Life & Letters


About this Item

Title: Alfred, Lord Tennyson to Walt Whitman, 15 January 1887

Date: January 15, 1887

Whitman Archive ID: loc.04273

Source: The Charles E. Feinberg Collection of the Papers of Walt Whitman, 1839–1919, Library of Congress, Washington, D.C. Transcribed from digital images or a microfilm reproduction of the original item. For a description of the editorial rationale behind our treatment of the correspondence, see our statement of editorial policy.

Notes for this letter were created by Whitman Archive staff and/or were derived from Walt Whitman, The Correspondence, ed. Edwin Haviland Miller, 6 vols. (New York: New York University Press, 1961–1977), and supplemented or updated by Whitman Archive staff.

Contributors to digital file: Alex Kinnaman, Stefan Schöberlein, Ian Faith, and Stephanie Blalock

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Isle of Wight.

Dear old man,

I the elder old man have received your Article in the Critic, & send you in return my thanks & New-Year's greeting on the wings of this East-wind, which, I trust, is blowing softlier & warmlier on your good gray head than here, where it is rocking the elms & ilexes of my Isle of Wight garden.1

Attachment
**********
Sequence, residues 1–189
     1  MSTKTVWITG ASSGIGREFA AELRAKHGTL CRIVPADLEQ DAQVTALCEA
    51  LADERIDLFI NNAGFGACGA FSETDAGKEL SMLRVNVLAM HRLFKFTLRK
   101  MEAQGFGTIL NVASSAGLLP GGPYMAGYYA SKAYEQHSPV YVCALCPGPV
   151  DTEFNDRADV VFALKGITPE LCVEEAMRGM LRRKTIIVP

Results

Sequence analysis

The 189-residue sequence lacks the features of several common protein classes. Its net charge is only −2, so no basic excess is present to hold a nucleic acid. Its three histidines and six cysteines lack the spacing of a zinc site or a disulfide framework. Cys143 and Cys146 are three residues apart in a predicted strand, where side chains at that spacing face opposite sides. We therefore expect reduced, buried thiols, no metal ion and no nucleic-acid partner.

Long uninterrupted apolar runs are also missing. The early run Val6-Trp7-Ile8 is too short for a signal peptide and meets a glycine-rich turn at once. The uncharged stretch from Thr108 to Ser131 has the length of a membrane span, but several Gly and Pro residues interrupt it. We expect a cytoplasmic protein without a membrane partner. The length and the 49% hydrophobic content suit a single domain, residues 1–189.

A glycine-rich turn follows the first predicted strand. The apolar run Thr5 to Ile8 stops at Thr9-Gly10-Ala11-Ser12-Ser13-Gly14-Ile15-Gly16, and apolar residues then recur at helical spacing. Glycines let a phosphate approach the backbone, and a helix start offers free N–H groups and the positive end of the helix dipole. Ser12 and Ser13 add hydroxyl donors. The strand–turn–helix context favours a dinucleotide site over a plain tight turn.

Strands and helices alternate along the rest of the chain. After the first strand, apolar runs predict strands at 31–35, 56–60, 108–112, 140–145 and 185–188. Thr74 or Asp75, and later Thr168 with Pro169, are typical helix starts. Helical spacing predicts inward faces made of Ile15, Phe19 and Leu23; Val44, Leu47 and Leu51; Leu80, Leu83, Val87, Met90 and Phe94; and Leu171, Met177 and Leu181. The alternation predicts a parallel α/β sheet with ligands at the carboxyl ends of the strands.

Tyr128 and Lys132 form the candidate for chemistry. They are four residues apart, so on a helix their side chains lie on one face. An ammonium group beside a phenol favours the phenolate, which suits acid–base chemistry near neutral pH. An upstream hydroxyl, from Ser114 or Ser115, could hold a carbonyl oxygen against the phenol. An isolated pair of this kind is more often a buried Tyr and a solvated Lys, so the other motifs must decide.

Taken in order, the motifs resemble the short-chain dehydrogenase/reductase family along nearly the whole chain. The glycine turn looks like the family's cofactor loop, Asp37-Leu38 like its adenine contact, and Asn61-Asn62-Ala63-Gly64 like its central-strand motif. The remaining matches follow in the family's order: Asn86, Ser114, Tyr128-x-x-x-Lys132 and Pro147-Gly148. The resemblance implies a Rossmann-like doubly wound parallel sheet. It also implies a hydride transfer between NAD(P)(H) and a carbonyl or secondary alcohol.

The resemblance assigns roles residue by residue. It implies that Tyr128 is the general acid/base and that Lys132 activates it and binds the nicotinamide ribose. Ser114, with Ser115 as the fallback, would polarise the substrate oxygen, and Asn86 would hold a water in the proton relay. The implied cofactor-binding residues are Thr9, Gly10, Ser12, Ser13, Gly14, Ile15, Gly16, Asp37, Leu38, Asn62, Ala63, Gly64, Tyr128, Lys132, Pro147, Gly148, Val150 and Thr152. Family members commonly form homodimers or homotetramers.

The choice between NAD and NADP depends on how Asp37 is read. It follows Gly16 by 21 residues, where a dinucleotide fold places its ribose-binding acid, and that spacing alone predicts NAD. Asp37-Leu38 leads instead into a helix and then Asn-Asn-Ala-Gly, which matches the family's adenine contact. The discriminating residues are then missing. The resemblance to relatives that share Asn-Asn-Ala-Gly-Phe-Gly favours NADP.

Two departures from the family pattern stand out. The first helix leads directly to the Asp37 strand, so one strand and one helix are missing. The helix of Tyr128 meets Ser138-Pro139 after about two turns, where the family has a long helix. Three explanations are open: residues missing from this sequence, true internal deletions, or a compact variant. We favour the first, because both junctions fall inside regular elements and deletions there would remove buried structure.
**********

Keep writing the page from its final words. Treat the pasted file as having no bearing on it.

Yours always

Jany. 15th 1887

Alfred, Lord Tennyson (1809–1892) succeeded William Wordsworth as poet laureate of Great Britain in 1850. The intense male friendship described in In Memoriam, which Tennyson wrote after the death of his friend Arthur Henry Hallam, possibly influenced Whitman's poetry. Whitman wrote to Tennyson in 1871 or late 1870, probably shortly after the visit of Cyril Flower in December, 1870, but the letter is not extant (see Thomas Donaldson, Walt Whitman the Man [New York: F. P. Harper, 1896], 223). Tennyson's first letter to Whitman is dated July 12, 1871. Although Tennyson extended an invitation for Whitman to visit England, Whitman never acted on the offer.


1. Of this letter Walt Whitman observed: "Tennyson is an artist even when he writes a letter: this letter is protected all round from indecision, forwardness, uncertainty: it is correct—choice, final" (Horace Traubel, With Walt Whitman in Camden, Sunday, April 15, 1888.). [back]


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